Prime Minister Benjamin Netanyahu on Thursday called a criminal indicment against him an attempt at a "government coup" and he will continue to "lead Israel." It is the first time in the country's history a sitting prime minister has been charged with a crime.
Attorney General Avichai Mandelblit on Thursday formally charged Netanyahu in a series of corruption cases, throwing the country's paralyzed political system into further disarray and threatening the long-time leader's grip on power. Mandelblit charged Netanyahu with fraud, breach of trust and accepting bribes in three different scandals.
In a televised speech shortly after the indictment was announced, Netanyahu, 70, claimed that the investigation against him was tainted by bias, saying the police investigators "weren't after the truth, they were after me."
“This evening we are witnesses to an attempted government coup against the prime minister, using false allegations and stained investigations,” said Netanyahu. “You must have noticed that the attorney general’s decision was made and announced at an unprecedented speed, and I would say during the most sensitive time for our political system since the establishment of the state," he said.
“The process is intended to topple an incumbent prime minister from the right. It was designed to bring me down. Me, who unlike many of my opponents and the media, wants to see a free market here not only when it comes to the economy but in the media as well," he added.
"It is time for the public to receive clear answers about all of this and also about the tainted investigations conducted against me, in which they were not after the truth, they were after me.”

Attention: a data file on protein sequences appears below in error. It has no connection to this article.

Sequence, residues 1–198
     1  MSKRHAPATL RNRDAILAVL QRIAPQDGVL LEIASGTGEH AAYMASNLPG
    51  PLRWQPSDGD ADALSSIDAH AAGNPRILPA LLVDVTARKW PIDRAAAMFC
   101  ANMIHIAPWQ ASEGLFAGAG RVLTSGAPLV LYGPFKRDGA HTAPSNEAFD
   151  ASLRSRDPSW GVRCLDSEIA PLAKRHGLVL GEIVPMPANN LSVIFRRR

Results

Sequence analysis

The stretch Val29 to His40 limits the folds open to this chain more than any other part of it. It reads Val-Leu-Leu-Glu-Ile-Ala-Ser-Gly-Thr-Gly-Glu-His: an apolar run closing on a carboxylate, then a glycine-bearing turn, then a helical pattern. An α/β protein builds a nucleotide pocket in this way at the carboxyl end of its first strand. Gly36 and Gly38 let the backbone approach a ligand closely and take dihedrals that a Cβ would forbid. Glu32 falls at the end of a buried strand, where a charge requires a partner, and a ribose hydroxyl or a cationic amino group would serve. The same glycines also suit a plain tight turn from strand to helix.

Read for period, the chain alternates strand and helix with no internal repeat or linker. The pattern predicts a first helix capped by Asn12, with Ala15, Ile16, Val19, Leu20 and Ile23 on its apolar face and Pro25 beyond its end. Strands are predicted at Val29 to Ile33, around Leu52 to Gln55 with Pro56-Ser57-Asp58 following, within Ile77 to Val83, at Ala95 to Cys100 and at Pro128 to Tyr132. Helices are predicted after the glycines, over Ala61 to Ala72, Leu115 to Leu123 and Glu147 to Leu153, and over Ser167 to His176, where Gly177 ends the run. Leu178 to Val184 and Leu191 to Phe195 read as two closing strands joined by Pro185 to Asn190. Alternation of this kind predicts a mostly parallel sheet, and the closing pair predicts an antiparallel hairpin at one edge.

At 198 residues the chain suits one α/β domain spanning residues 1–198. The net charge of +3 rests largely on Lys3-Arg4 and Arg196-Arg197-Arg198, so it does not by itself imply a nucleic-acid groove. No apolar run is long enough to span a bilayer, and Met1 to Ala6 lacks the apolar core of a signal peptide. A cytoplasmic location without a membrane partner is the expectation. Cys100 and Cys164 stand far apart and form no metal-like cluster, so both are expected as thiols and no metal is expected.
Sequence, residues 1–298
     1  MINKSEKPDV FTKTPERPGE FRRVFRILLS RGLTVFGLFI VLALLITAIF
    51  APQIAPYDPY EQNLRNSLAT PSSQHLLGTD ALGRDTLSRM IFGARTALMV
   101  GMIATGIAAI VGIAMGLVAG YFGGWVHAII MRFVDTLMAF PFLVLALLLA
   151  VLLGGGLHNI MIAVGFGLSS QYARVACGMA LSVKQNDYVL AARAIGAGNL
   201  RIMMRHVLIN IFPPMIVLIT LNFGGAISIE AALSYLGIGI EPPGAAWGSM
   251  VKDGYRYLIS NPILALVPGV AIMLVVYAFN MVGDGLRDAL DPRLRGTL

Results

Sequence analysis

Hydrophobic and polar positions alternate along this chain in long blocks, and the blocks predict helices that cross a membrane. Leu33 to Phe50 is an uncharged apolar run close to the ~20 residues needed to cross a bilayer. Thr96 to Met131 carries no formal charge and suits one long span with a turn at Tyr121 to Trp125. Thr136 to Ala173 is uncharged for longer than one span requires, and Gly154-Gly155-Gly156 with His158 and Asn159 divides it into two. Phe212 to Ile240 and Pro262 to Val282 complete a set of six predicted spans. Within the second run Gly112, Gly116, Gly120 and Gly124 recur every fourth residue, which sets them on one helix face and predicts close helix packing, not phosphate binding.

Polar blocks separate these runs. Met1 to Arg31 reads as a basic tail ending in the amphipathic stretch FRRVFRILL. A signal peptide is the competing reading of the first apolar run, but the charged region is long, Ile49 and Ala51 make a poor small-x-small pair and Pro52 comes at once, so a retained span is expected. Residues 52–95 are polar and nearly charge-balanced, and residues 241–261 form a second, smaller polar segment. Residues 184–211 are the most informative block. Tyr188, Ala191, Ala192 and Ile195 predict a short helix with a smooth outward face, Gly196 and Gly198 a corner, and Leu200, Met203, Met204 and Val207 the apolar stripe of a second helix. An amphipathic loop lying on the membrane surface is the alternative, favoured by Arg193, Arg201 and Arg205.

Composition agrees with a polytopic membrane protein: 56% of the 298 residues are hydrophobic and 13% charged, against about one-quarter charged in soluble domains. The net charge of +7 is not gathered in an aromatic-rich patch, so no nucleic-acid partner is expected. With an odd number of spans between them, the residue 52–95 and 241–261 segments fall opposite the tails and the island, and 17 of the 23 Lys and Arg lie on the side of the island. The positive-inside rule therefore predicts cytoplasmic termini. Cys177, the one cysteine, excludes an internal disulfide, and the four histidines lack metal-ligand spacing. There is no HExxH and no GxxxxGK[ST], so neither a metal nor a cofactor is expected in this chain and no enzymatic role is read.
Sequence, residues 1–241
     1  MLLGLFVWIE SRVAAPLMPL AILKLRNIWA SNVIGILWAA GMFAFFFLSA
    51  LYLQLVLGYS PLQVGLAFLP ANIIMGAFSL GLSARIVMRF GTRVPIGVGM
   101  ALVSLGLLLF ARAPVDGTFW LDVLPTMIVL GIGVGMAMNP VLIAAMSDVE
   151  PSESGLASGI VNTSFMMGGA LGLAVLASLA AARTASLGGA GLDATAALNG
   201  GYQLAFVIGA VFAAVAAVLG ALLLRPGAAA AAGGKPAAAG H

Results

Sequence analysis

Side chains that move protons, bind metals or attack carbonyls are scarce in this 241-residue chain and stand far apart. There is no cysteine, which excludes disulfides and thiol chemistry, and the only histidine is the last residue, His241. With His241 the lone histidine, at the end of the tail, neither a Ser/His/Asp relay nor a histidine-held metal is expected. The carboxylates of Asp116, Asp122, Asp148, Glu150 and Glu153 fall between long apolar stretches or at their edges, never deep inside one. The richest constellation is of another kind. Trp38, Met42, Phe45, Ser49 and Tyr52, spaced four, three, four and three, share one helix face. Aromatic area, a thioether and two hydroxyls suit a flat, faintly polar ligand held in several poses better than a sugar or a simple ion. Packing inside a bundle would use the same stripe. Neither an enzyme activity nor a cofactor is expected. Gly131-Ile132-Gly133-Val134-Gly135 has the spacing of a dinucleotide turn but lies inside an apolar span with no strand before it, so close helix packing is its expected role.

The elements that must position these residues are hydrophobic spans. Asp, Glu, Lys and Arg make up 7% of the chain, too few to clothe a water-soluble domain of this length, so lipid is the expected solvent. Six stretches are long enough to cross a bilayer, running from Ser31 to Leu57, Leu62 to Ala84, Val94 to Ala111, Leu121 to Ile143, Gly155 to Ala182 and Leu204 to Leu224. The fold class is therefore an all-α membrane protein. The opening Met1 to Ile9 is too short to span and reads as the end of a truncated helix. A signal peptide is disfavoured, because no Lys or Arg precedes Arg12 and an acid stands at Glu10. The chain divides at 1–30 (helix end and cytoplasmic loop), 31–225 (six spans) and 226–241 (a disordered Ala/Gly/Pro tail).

Netanyahu then went on a lengthy rant, accusing the investigators of threating and blackmailing state witnesses until they told them "what they wanted to hear, which isn't what actually happened."
The prime minister finished the defiant speech by saying he will not resign and urged to "investigate the investigators."
The other defendants in the indictment have also issued statements expressing their disappointment over Mandelblit’s decision.
Shaul Elovich and his wife Iris, both indicted on bribery charges in Case 4000, said they “regret” the attorney general’s decision to indict them
“Based on the evidence in the case, we are convinced that an indictment could have been avoided, said Attorney Jack Chen, who represents Elovitch. “Once the case is passed for judicial review, we hope that the three-year-long slanderous accusation and leaks will finally stop,” he said.
“We trust that the court will reach the conclusion that, based on the evidence, Shaul and Iris Elovich did not commit the offenses attributed to them."
Arnon Mozes, indicted on bribery charges in Case 2000, said the interpretation of the relationship he had with the prime minister as bribery is a “distorted interpretation” of facts.
"Moses did not offer Netanyahu any benefits,” said attorneys representing Mozes in a statement. “The conversation between the two shows that Moses tried to convince Netanyahu to be interviewed, and suggested a writer who would occasionally write opinion pieces in the newspaper, which was clearly in the interest of Yedioth Ahronoth,” said the statement. “That was offered to Netanyahu even before the conversation that is at the heart of the case.”
Arnon Mozes is the publisher and owner of Yedioth Ahronoth Group, which includes Ynet and Ynetnews.
Associated Press, Reuters contributed to this report